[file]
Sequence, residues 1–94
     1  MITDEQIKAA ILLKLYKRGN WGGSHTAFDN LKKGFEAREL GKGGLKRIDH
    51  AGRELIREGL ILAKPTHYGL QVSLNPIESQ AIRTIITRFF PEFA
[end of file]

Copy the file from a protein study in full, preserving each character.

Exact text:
Sequence, residues 1–94
     1  MITDEQIKAA ILLKLYKRGN WGGSHTAFDN LKKGFEAREL GKGGLKRIDH
    51  AGRELIREGL ILAKPTHYGL QVSLNPIESQ AIRTIITRFF PEFA